5- E.coli:
Localization of E. coli in bones and synovial tissues is a common sequel to coli septicemia.
Often multiple sites are involved. Bacteria colonize the vascular sprouts that invade the physis of a growing bone, provoking an inflammatory response that results in osteomyelitis. Transphyseal blood vessels in birds serve as a conduit for the process to spread into the joint and surrounding soft tissues. Bones most often affected are tibiotarsus, femur, thoracolumbar vertebra, and humerus. Hock, stifle, hip, and wing joints are sites where arthritis is most likely to occur. Lesions that develop in joint spaces of articulating thoracolumbar vertebrae cause spondylitis (spondylosis), which results in progressive paresis and paralysis. Tenosynovitis frequently accompanies arthritis.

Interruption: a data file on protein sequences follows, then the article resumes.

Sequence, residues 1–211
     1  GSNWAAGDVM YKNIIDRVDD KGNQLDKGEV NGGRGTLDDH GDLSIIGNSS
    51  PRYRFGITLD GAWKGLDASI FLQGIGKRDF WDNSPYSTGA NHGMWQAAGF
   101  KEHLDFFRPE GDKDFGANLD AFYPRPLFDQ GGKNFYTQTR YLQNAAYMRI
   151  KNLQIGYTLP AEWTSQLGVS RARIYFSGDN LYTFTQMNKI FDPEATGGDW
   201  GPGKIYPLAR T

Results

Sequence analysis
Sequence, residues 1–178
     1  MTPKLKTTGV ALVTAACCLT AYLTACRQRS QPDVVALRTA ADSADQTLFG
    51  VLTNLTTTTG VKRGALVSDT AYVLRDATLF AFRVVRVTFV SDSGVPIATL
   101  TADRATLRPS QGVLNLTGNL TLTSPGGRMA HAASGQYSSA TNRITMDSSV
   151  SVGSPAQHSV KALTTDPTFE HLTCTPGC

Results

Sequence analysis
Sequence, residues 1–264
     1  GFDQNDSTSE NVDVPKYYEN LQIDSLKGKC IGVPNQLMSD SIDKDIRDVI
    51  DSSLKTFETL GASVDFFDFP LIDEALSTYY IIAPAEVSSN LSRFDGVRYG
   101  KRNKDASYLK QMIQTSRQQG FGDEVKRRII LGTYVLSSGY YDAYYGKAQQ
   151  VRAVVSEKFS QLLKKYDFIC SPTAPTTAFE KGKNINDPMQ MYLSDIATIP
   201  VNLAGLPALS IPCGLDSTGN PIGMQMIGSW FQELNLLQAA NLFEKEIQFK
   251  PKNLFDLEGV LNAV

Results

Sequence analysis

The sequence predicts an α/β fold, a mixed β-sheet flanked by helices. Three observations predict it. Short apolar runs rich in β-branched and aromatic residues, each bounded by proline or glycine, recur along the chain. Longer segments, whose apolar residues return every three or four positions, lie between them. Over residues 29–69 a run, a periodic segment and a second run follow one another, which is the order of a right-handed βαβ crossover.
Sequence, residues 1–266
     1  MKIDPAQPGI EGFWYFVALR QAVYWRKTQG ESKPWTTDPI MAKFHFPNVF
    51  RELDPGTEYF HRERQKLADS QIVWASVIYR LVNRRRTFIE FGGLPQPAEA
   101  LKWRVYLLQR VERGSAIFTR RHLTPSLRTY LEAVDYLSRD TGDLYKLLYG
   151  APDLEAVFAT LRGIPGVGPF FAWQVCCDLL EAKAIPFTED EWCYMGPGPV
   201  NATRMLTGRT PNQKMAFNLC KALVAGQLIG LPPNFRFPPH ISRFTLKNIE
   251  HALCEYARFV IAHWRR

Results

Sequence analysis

6- Reovirus infection Viral Arthritis:
In naturally infected chickens, it is detected swellings of the digital flexor and metatarsal extensor tendons. The latter lesion is evident by palpation just above the hock and may be readily observed when feathers are removed. The hock usually contains a small amount of straw-colored or blood-tinted exudates in a few cases. There is a considerable amount of purulent exudates resembling that seen with infectious synovitis. Early in the infection, there is marked edema of the tarsal and metatarsal tendon sheaths.
Petechial hemorrhages are frequent in the synovial membranes above the hock.
Inflammation of tendon areas progresses to a chronic type lesion characterized by hardening and fusion of tendon sheaths. Small-pitted erosions develop in the articular cartilage of the distal tibiotarsus. These erosions enlarge, coalesce, and extend into underlying bone. An overgrowth of fibro-cartilaginous pannus develops on the articular surface. Condyles and epicondyles are frequently involved.

7- Spondylitis: etiology: enterococcus cecorum bacteria.
This case happens in the males of the broiler breeders at 6-10 weeks of age.